Description : The debut novel from the PEN/Faulkner Award Winning Author of *The Buddha in the Attic* On a sunny day in Berkeley, California, in 1942, a woman sees a sign in a post office window, returns to her home, and matter-of-factly begins to pack her family's possessions. Like thousands of other Japanese Americans they have been reclassified, virtually overnight, as enemy aliens and are about to be uprooted from their home and sent to a dusty internment camp in the Utah desert. In this lean and devastatingly evocative first novel, Julie Otsuka tells their story from five flawlessly realized points of view and conveys the exact emotional texture of their experience: the thin-walled barracks and barbed-wire fences, the omnipresent fear and loneliness, the unheralded feats of heroism. When the Emperor Was Divine is a work of enormous power that makes a shameful episode of our history as immediate as today's headlines. Amazon.com Review A precise, understated gem of a first novel, Julie Otsuka's When the Emperor Was Divine tells one Japanese American family's story of internment in a Utah enemy alien camp during World War II. We never learn the names of the young boy and girl who were forced to leave their Berkeley home in 1942 and spend over three years in a dusty, barren desert camp with their mother. Occasional, heavily censored letters arrive from their father, who had been taken from their house in his slippers by the FBI one night and was being held in New Mexico, his fate uncertain. But even after the war, when they have been reunited and are putting their stripped, vandalized house back together, the family can never regain its pre-war happiness. Broken by circumstance and prejudice, they will continue to pay, in large and small ways, for the shape of their eyes. When the Emperor Was Divine is written in deceptively tranquil prose, a distillation of injustice, anger, and poetry; a notable debut. --Regina Marler From Publishers Weekly This heartbreaking, bracingly unsentimental debut describes in poetic detail the travails of a Japanese family living in an internment camp during World War II, raising the specter of wartime injustice in bone-chilling fashion. After a woman whose husband was arrested on suspicion of conspiracy sees notices posted around her neighborhood in Berkeley instructing Japanese residents to evacuate, she moves with her son and daughter to an internment camp, abruptly severing her ties with her community. The next three years are spent in filthy, cramped and impersonal lodgings as the family is shuttled from one camp to another. They return to Berkeley after the war to a home that has been ravaged by vandals; it takes time for them to adjust to life outside the camps and to come to terms with the hostility they face. When the children's father re-enters the book, he is more of a symbol than a character, reduced to a husk by interrogation and abuse. The novel never strays into melodrama-Otsuka describes the family's everyday life in Berkeley and the pitiful objects that define their world in the camp with admirable restraint and modesty. Events are viewed from numerous characters' points of view, and the different perspectives are defined by distinctive, lyrically simple observations. The novel's honesty and matter-of-fact tone in the face of inconceivable injustice are the source of its power. Anger only comes to the fore during the last segment, when the father is allowed to tell his story-but even here, Otsuka keeps rage neatly bound up, luminous beneath the dazzling surface of her novel. Copyright 2002 Reed Business Information, Inc.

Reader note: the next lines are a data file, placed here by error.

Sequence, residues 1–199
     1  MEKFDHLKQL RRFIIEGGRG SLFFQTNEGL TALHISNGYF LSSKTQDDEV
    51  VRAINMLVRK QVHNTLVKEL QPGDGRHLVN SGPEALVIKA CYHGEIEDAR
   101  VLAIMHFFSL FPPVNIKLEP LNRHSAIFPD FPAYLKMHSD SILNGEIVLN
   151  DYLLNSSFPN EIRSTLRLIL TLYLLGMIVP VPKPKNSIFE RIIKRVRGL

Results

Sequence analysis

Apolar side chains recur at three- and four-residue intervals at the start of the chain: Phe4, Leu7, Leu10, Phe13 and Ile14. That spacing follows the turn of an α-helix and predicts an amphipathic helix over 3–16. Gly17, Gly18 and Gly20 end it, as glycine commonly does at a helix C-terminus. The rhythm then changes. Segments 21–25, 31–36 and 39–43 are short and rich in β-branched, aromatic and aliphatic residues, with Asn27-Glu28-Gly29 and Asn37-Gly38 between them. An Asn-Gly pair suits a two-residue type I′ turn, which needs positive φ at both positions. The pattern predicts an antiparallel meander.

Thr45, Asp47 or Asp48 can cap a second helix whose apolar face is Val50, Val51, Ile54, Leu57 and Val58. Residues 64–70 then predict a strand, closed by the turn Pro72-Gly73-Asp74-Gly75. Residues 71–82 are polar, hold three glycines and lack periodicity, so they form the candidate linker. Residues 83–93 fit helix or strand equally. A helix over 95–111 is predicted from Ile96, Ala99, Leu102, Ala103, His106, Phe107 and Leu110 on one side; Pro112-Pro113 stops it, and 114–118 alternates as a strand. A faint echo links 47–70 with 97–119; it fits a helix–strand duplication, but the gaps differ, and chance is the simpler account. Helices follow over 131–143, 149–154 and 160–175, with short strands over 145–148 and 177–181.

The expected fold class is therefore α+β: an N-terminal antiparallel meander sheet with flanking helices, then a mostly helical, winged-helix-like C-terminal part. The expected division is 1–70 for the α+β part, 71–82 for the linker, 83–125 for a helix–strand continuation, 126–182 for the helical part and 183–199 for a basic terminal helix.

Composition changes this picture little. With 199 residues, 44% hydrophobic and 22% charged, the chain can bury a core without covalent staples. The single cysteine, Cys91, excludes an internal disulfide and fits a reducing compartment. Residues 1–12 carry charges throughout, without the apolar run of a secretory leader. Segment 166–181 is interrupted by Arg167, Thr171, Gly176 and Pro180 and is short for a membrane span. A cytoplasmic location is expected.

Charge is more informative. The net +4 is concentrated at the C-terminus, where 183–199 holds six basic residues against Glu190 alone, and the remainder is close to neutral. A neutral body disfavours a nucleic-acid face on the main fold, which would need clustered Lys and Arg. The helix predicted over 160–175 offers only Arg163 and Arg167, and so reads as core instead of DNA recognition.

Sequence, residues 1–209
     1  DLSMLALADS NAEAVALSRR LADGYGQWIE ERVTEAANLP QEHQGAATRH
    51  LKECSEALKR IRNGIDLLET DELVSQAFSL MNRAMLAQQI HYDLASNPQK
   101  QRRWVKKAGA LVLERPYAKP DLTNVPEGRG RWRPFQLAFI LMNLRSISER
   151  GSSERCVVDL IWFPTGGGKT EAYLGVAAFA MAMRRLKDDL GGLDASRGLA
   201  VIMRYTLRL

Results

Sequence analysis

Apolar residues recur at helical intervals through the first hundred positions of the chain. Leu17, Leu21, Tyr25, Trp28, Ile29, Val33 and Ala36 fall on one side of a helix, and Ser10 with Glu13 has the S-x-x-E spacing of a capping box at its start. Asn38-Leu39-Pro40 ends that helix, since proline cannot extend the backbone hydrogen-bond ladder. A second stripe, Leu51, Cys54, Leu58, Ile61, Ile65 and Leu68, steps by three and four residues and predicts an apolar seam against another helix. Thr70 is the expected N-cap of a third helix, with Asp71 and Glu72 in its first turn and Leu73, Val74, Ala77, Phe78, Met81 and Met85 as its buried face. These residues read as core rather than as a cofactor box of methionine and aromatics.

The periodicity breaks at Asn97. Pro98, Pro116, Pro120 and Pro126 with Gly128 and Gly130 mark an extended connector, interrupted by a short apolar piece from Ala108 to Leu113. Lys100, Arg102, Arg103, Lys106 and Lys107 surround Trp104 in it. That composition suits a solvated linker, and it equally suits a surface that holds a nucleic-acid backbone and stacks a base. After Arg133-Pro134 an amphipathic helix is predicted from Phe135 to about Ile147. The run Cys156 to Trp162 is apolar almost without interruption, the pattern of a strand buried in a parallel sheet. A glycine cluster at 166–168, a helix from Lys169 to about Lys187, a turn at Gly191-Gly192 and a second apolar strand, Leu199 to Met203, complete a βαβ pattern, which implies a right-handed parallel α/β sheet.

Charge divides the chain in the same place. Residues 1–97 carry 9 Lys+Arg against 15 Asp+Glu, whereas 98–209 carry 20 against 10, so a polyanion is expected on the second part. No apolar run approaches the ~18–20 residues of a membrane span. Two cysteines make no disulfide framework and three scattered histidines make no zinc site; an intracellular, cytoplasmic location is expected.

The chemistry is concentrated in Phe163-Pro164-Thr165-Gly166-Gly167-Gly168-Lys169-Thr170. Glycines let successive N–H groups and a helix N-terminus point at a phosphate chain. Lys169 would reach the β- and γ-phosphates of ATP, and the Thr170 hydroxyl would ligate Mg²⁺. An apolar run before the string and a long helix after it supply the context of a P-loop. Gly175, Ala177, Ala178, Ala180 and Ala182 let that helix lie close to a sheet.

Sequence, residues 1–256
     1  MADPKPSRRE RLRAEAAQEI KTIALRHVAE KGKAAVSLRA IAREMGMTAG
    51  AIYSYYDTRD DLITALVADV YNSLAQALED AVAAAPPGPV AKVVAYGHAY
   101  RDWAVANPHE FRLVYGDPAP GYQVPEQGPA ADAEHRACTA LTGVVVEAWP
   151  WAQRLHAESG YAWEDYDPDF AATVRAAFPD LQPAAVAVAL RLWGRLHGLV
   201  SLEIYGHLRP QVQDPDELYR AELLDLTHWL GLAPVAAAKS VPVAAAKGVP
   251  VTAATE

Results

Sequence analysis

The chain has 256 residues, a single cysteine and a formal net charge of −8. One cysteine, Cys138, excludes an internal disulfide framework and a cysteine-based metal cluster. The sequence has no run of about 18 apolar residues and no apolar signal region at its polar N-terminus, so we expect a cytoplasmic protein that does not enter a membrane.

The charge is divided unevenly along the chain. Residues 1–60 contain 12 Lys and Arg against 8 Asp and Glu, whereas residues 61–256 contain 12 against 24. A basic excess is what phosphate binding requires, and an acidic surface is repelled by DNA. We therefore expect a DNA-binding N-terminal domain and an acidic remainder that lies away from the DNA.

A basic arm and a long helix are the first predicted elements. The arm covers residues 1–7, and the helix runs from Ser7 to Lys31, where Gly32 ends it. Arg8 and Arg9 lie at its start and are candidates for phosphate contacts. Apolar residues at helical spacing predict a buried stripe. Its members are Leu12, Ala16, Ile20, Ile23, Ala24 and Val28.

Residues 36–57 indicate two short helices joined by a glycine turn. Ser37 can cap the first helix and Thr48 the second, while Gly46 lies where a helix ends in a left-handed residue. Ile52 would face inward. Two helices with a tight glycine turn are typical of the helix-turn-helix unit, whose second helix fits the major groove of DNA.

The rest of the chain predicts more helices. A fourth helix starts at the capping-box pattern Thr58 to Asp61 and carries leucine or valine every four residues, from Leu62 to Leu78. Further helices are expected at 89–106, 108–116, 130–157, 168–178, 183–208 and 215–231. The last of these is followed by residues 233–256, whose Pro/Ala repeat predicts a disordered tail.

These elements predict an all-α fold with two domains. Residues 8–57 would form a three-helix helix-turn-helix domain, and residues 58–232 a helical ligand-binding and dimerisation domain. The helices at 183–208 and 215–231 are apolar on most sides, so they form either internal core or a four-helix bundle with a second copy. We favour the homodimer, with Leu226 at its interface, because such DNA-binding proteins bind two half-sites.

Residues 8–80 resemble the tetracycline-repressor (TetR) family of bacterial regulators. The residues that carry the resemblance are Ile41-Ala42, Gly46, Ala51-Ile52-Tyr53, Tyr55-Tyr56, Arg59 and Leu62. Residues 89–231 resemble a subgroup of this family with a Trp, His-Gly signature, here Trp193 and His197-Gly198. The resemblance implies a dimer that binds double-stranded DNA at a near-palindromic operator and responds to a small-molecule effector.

Description : "Constantine was the first Roman emperor to convert to Christianity. The book explores the emperor's image as conveyed through literature, art, and architecture, and shows how Constantine reconciled the tradition of imperial divinity with his monotheistic faith. It demonstrates how the traditional themes and imagery of kingship were exploited to portray the emperor as the saviour of his people and to assimilate him to Christ. This is the first book to study simultaneously both archaeological and historical information to build a picture of the emperor's image and propaganda. It is extensively illustrated" --Provided by publisher.